Fear factor

Jay Hart
Yahoo! Sports

AVONDALE, Ariz. – If your name isn't Jimmie Johnson, this one had an eerily familiar feel to it.

There Johnson was, the strongest car for much of the night, just like last year. But then it went away from him, and he probably shouldn't have won; probably should have taken a top five and gone home to Charlotte, N.C.

But this is Jimmie Johnson we're talking about. And while he may seem mild mannered when he's in front of a television camera, he's got a fire inside that begs to win.

With eight laps to go in Saturday's Subway Fresh Fit 500 at Phoenix International Raceway, Johnson's crew chief Chad Knaus came on the radio and told Johnson to pit. They needed fuel. Johnson told him no, Knaus relented, Johnson wound up winning and had enough fuel left to do a burnout.

"We're going to win this bitch," Johnson screamed into his radio as he closed in on the checkered flag.

That's the fire, and that's what's scary if you're the rest of the field.

There are races when Johnson should win. This wasn't one of them.

After leading a bunch of laps early, he fell out of the top 10 while Dale Earnhardt Jr. and Mark Martin battled it out up front. They – not Johnson – were the men to beat. And if not them, then Denny Hamlin or Martin Truex or maybe even Carl Edwards. But not Johnson.

But as the gas lamps started to come on, one by one they all pitted, and by default Johnson found himself in the lead with nine laps to go. A lap later, Knaus called him into the pits. Johnson stayed out.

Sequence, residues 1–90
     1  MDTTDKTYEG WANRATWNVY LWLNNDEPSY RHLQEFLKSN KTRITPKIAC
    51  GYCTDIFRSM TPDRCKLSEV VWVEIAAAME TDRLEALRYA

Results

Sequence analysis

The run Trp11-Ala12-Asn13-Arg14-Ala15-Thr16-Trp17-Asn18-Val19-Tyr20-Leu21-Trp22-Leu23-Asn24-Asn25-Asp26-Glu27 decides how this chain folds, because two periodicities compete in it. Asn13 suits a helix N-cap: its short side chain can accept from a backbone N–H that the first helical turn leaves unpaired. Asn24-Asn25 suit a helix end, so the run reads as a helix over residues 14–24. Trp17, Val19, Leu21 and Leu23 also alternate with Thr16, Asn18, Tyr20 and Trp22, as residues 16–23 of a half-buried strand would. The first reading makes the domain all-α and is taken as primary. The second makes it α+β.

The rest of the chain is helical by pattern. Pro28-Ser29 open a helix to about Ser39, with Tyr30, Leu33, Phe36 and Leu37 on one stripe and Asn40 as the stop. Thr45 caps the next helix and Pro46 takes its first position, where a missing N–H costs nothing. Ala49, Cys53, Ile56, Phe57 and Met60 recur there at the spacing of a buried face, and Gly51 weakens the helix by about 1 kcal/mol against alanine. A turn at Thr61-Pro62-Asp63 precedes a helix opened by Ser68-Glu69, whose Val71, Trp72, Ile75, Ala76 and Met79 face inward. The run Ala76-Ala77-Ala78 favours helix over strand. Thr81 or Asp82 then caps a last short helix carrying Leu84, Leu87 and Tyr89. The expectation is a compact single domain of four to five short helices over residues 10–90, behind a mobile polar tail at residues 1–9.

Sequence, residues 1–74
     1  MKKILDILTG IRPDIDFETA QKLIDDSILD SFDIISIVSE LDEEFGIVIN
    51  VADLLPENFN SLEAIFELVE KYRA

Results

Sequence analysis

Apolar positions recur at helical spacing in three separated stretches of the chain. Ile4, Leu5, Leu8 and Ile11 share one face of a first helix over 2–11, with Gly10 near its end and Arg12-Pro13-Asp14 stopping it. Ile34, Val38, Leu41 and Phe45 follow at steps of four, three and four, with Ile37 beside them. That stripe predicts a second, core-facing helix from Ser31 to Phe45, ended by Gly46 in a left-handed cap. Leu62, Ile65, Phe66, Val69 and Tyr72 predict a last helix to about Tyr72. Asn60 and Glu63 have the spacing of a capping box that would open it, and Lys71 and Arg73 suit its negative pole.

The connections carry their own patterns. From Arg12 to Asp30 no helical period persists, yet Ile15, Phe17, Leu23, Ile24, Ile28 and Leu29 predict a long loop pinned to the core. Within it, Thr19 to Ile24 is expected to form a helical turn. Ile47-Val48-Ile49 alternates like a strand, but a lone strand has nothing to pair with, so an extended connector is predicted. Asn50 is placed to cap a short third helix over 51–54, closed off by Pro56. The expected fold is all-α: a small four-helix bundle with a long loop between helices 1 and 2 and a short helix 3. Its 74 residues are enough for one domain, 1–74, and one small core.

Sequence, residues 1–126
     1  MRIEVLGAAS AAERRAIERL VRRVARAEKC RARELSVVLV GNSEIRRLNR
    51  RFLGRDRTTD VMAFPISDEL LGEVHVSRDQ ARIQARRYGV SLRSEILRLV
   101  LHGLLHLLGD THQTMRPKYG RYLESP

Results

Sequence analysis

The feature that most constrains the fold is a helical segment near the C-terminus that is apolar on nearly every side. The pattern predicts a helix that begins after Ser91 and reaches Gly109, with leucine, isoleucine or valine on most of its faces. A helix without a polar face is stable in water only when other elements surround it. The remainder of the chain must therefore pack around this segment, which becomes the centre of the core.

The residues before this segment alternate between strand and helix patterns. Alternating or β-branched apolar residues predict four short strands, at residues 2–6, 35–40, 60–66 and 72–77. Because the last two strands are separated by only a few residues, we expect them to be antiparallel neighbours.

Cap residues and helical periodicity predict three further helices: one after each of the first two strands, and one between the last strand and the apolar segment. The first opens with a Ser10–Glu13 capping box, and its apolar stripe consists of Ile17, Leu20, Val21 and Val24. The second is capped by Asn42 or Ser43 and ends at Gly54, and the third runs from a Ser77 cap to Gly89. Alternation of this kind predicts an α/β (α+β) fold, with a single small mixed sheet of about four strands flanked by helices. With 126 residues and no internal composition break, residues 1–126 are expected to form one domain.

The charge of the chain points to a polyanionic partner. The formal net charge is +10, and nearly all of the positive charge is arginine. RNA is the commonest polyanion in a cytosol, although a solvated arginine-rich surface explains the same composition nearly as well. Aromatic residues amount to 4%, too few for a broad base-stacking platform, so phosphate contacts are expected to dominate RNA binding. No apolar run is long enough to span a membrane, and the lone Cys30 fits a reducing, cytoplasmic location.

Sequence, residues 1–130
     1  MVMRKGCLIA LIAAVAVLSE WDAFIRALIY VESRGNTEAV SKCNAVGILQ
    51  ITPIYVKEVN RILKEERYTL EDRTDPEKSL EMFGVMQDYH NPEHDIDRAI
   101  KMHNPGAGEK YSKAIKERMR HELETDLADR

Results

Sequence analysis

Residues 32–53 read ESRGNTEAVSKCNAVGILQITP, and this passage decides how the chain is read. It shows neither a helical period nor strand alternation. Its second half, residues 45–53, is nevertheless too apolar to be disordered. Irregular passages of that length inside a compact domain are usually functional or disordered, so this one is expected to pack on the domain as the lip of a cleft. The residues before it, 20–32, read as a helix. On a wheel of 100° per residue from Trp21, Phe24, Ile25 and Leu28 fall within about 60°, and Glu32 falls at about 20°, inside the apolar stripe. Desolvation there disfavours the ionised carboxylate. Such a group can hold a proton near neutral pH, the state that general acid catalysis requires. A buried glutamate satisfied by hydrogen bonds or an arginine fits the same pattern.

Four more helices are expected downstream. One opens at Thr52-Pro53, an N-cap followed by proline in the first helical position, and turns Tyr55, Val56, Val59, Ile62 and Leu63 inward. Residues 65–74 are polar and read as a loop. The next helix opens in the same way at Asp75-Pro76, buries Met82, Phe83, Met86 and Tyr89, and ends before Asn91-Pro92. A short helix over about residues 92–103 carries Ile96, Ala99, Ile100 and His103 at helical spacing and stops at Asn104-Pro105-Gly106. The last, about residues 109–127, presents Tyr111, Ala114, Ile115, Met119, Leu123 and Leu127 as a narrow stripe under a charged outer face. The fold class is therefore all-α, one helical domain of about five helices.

This is the mark of a champion, someone who can grind their way to the top even though they're not on their best game; someone who risks it all to win. It doesn't always work out the way you want it to, but for certain people it does, and that's not by coincidence.

Johnson is one of those people, and when he got out of his car, he issued a warning to the competition: "We're back."

If this were "Friday the 13th," we'd be hearing the "chichichichi, kakakaka" right about now – that familiar sound that let's you know you're entering a danger zone.

For the rest of the Sprint Cup garage, the danger zone is Johnson being in a zone. In just three weeks, he's made up more than 100 points on the field, vaulting from 13th to fourth in the standings.

Yes, it's still early and yes, it's only one win. But when Johnson and Knaus get rolling, it takes a while for them to slow down. Two years ago, he finished the season with a win, four seconds and a ninth in the last six races to rally to win his first championship. Of his 10 wins last year, only one was isolated. The rest came in bunches, including four in a row as he ran away with his second straight title.

In the early part of this season, it was easy to forget that he's the two-time defending champion. He looked awful in Las Vegas and wasn't much better at Atlanta.

Saturday's win served as a reminder. It reminded us that Johnson won here the last time the tour was in Phoenix. It reminded us just how smart he and Knaus are. And it reminded us that when there's a win up for grabs, there really is only one driver to bet on.

Jimmie Johnson's fist pump may not be as emphatic as Tiger Woods', but that doesn't mean he can't strike fear in the hearts of his opponents. Saturday night, he did it with an empty fuel tank.

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